While the Ontario government has curtailed commercial and residential evictions during the COVID-19 crisis, tenants’ rights advocates warn that proposed legislation in the province will expose renters to unfair evictions once the pandemic passes — and well beyond.

The Progressive Conservative government has pushed ahead with debate on a bill that critics say will make it easier for landlords to evict tenants once the Landlord and Tenant Board fully reopens for hearings on residential disputes.

Bill 184 — named the “Protecting Tenants and Strengthening Community Housing Act 2020” — would empower landlords — even without a hearing — to evict renters who fail to fulfill repayment agreements on missed rent, and to chase down outstanding fees from former tenants for up to a year.

“Folks in my community are now referring to this as the ‘Eviction bill.'”

Suze Morrison, NDP MPP for Toronto Centre.

In an attempt to “streamline Landlord and Tenant Board processes,” the act also outlines alternatives to eviction hearings, potentially limiting opportunities for tenants to defend themselves.

The bill aims to “ensure tenants and landlords have easy and fair access to resolving disputes,” according to a spokesperson for the Ministry of Municipal Affairs and Housing.

But an opposition critic is slamming the legislation as unfair.

“Folks in my community are now referring to this as the ‘Eviction bill’,” Suze Morrison, NDP MPP for Toronto Centre, told Capital Current.

“Consider the case of a landlord who refuses to fix a malfunctioning radiator in a tenant’s unit,” Morrison wrote recently in a Toronto Sun opinion article. “If the tenant withholds their rent, the landlord can haul them in front of the Landlord and Tenant Board. Under Bill 184, the tenant may be prevented from pointing out other issues, like the landlord’s failure to maintain the unit in a good state of repair, at the hearing on non-payment of rent.”

Suze Morrison, NDP MPP for Toronto Centre, says Bill 184 would expose tenants in Ontario to unfair evictions. [Photo: suzemorrison.ca]

While the bill does outline certain measures to protect tenants, including stricter penalties for landlords who terminate a tenancy in bad faith, Morrison said that such legislation should not even be up for debate during a pandemic because the economic hardships suffered by many Ontarians during the COVID-19 crisis could linger for years.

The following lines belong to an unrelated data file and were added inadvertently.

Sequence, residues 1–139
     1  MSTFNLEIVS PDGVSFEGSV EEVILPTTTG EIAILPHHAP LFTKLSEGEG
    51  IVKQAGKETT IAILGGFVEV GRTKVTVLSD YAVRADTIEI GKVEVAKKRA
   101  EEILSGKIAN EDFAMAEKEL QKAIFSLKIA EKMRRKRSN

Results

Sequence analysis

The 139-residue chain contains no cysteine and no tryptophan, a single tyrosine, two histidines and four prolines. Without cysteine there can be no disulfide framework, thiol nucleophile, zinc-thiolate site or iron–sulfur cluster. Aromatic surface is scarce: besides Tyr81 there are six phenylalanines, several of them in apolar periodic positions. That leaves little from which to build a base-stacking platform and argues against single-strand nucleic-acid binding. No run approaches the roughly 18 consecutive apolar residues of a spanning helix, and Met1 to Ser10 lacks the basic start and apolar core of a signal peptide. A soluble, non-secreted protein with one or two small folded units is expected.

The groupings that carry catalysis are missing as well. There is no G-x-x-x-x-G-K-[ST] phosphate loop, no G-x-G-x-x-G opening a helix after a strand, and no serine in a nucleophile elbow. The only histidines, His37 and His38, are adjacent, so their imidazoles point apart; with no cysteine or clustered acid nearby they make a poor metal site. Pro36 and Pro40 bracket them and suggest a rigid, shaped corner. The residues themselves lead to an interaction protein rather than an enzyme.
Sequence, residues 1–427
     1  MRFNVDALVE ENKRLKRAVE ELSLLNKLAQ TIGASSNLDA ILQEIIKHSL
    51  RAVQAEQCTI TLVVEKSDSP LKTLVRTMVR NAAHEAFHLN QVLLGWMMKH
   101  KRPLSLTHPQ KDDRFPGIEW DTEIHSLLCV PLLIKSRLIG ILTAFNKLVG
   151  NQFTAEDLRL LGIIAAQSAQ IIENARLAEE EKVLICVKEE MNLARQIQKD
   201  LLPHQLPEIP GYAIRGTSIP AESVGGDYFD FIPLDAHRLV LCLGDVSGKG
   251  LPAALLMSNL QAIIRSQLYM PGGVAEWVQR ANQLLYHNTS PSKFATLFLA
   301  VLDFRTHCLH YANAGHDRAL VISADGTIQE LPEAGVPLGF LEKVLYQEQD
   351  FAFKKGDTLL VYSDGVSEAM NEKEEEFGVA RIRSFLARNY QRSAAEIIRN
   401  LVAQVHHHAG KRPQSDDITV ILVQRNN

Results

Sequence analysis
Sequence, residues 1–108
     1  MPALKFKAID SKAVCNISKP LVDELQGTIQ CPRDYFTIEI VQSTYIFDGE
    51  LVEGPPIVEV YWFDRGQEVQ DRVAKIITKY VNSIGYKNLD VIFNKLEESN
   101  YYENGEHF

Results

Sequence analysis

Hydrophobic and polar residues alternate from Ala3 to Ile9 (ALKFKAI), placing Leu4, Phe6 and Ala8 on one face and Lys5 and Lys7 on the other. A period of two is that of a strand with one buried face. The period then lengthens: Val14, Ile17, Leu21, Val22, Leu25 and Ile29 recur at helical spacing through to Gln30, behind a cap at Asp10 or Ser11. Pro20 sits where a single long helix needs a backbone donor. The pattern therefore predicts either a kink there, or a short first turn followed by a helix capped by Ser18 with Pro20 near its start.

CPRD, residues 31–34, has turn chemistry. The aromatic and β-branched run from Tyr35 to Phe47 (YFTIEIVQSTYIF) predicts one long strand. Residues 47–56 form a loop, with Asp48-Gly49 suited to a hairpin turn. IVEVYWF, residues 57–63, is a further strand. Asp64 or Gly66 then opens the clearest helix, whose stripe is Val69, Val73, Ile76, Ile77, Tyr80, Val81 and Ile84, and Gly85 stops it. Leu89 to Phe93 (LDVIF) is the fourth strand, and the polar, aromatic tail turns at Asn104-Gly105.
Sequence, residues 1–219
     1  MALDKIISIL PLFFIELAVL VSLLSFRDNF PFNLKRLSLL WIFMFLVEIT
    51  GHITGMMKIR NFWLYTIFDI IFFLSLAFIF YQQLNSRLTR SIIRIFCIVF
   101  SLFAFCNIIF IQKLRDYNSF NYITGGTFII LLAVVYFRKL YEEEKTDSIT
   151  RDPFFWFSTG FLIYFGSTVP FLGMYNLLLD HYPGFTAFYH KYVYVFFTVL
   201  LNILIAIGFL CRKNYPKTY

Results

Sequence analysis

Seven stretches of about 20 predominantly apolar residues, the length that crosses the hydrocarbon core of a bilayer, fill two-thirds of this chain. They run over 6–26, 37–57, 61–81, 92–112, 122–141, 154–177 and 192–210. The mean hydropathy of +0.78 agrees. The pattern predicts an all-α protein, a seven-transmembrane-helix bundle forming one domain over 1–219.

“I do not believe that it is right expedite legislation that weakens tenant rights when Ontarians are struggling to cope with a state of emergency in addition to painful news of anti-Black racism here at home and abroad,” she stated in a message to constituents.

She has also argued that residential evictions could resume and accelerate in Ontario before a potential second wave of COVID-19 hits the province and once again disproportionately affects renters.

“Any bill that fast-tracks evictions in a pandemic is an unsupportable piece of legislation,” she said. “This bill will strip away rights from tenants, and this government is trying to ram it through at a time we should be focusing on keeping people in housing.”

In his own opinion piece in the Toronto Sun, Steve Clark, Ontario’s minister of municipal affairs and housing, said the bill would actually strengthen protections for residential tenants and accused the NDP of spreading disinformation.

Premier Doug Ford announced in March that there would be a moratorium on residential evictions during the pandemic, with tenant eviction hearings not physically possible with the Landlord and Tenant Board closed.

“The last thing that people need when being told to isolate at home, is to worry about not being able to afford their home or business rent,” Ford stated in a press conference. “We are temporarily suspending eviction orders to ensure that tenants are protected.”

The Ministry of Municipal Affairs and Housing confirmed eviction hearings are still not taking place, “except for urgent disputes such as those involving illegal acts or serious safety concerns.” In an email, the MMAH also defended the decision to push ahead with Bill 184.

“The people of Ontario expect legislators to be at work while we continue the safe and responsible reopening of the economy,” a spokesperson added in an email. 

“Debating bills, holding committee meetings and conducting Question Period are all parts of the regular democratic functioning of our legislature.”

While protections against commercial evictions are firmly in place, many low-income residential tenants consider Bill 184 a “slap in the face,” said Mavis Finnamore, former chair of the Ottawa-South branch of the Association of Community Organizations for Reform Now or ACORN.

Mavis Finnamore says more support needs to be shown for lower income tenants. [Photo provided by ACORN]

“They’re very protective of businesses, but they’re forgetting they have some very vulnerable people,” she said. “Before the pandemic, we were having talks about a housing emergency in Ottawa. That hasn’t gone away.”

Finnamore said that helping small businesses may keep some people employed during the pandemic, but more specific supports are needed to protect low-income tenants at the residential level.

“If they don’t wake up and see some of their policies are going to be hurting people, they are going to be seeing the consequences on the street.”